If you should die with no will, we can help your family, but it might not be pretty.
Families who have lived through settling an estate without an estate plan will agree that the title of this article, “Preventing the Horrors of Dying Without a Will,” from Next Avenue, is no exaggeration. The absence of a will and the guidance it should provide make things harder when the family is grieving.
Why do people procrastinate having their wills and estate plans done?
Limited understanding of wealth transfers. People may die with no will because they think they do not have enough assets to require an estate plan. Their home, retirement funds, or savings account may not be in the mega-millions, but this is more reason to have an estate plan.
Fear of mortality. We do not like to talk or think about death. However, talking about what will happen when you die or what may happen if you become incapacitated is very important. Planning so your children or other trusted family member or friends will be able to make decisions on your behalf or care for you alleviates what could otherwise turn into an expensive and emotionally disastrous time.
Perceived lack of benefits. Working with an experienced estate planning attorney who will put your interests first means you will have one less thing to worry about while living and towards the end of your life.
Estate planning documents contain the wishes and directives for your legacy and finances after you pass. They answer questions like:
- Who should look after your minor children if both primary caregivers die before the children reach adulthood?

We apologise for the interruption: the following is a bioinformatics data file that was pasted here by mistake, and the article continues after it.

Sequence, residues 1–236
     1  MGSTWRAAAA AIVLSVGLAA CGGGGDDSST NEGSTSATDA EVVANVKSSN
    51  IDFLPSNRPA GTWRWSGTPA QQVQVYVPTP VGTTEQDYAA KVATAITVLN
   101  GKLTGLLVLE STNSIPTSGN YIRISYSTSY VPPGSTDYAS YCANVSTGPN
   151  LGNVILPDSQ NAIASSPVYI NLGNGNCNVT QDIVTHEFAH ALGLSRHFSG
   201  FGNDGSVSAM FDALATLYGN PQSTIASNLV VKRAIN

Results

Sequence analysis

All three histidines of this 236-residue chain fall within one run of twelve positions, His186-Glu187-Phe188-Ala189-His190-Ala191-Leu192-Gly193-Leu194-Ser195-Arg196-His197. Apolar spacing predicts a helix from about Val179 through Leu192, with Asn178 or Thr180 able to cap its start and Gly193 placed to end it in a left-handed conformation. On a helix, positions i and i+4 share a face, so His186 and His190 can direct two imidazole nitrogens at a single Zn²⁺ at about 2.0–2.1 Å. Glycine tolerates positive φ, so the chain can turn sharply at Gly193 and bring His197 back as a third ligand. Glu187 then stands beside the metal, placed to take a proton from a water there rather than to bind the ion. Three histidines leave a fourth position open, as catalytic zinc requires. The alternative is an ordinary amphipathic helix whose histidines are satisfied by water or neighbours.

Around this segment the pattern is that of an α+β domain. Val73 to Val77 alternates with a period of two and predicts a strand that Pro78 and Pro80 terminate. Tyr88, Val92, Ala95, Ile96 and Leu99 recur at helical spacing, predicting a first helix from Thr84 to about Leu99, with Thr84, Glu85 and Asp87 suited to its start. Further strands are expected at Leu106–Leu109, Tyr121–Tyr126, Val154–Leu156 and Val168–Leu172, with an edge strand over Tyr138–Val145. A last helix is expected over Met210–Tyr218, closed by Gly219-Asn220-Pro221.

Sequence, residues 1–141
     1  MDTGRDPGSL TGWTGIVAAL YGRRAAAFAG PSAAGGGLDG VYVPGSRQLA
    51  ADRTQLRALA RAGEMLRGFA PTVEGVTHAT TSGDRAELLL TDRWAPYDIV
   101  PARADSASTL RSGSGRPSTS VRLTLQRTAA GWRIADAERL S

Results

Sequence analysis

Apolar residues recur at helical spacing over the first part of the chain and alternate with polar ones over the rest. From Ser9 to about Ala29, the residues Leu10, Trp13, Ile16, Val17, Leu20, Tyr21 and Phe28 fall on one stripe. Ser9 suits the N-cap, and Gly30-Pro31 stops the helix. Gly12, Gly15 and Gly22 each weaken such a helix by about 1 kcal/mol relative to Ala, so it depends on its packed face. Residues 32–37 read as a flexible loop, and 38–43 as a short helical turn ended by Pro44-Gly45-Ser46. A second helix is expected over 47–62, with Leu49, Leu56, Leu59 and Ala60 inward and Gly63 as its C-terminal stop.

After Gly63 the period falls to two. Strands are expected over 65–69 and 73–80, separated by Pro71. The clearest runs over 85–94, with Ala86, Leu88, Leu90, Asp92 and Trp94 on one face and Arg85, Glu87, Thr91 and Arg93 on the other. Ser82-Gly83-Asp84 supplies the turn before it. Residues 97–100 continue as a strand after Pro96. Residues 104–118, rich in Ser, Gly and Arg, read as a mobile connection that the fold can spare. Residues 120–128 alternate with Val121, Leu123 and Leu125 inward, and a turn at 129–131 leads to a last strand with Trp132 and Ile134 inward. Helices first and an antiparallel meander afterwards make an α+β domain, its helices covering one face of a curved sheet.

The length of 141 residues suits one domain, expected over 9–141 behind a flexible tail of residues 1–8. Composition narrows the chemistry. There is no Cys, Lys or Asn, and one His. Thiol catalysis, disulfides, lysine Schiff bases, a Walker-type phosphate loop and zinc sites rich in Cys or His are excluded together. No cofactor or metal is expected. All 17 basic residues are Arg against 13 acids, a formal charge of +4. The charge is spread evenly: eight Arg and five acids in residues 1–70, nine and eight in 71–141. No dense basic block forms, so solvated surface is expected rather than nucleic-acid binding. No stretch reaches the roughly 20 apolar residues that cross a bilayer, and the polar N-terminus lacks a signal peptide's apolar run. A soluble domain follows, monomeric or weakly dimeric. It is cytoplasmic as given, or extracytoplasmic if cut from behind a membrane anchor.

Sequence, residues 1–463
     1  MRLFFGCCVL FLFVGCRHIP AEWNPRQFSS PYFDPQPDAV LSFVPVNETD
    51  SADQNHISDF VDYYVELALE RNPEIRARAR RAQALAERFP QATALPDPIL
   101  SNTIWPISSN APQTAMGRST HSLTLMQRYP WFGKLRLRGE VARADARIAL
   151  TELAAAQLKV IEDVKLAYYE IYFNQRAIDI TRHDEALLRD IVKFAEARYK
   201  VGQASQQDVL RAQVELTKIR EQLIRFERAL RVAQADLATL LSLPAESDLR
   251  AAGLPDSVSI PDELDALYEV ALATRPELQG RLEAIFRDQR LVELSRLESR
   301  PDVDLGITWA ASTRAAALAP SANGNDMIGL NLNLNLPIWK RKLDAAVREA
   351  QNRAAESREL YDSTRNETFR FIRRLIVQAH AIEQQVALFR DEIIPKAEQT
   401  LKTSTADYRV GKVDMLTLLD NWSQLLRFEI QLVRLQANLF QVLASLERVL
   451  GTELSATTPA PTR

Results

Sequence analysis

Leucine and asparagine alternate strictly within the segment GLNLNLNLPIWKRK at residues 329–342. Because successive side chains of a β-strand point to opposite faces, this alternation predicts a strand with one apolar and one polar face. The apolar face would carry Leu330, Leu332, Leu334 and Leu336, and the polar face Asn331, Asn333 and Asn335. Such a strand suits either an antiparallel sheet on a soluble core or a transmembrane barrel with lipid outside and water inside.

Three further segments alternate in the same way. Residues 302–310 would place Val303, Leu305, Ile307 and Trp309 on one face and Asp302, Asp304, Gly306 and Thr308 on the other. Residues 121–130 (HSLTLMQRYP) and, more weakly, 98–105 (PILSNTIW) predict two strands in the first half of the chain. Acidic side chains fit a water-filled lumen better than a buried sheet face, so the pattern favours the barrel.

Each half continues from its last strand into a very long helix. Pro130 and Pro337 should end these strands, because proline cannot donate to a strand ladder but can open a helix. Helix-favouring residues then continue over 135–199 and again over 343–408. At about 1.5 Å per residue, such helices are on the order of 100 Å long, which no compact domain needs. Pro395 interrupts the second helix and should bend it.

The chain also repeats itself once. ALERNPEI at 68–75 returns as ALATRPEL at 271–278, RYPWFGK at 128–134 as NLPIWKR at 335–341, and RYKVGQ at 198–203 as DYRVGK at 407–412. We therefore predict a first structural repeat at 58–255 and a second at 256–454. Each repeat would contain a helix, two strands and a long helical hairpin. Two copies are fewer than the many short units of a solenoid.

- If you become incapacitated, who should handle your financial affairs, who will be in charge of your healthcare, and what kind of end-of-life care do you want?
- What do you want to happen to your assets after you die?
- When should the assets be delivered versus protected?
Your “Estate” here refers simply to what you own: your car, home, financial accounts, personal possessions, retirement funds, pensions, and life insurance.
Your estate plan includes a will, trusts (if appropriate), a durable financial power of attorney, a health care power of attorney or advanced directive, and a living will. The will distributes your property and also names an executor, who is in charge of making sure the directions in the will are carried out.
If you become incapacitated by illness or injury, the POA gives agency to someone else to carry out your wishes while you are living. The living will provide an opportunity to express your wishes regarding end-of-life care.
There are many different reasons to put off having an estate plan and die with no will, but they all end up in the same place: the potential to create family disruption, unnecessary expenses, and stress. Show your family how much you love them by overcoming your fears and preparing for the next generation. Meet with an estate planning attorney and prepare for the future.
Reference: Next Avenue (March 21, 2022) “Preventing the Horrors of Dying Without a Will”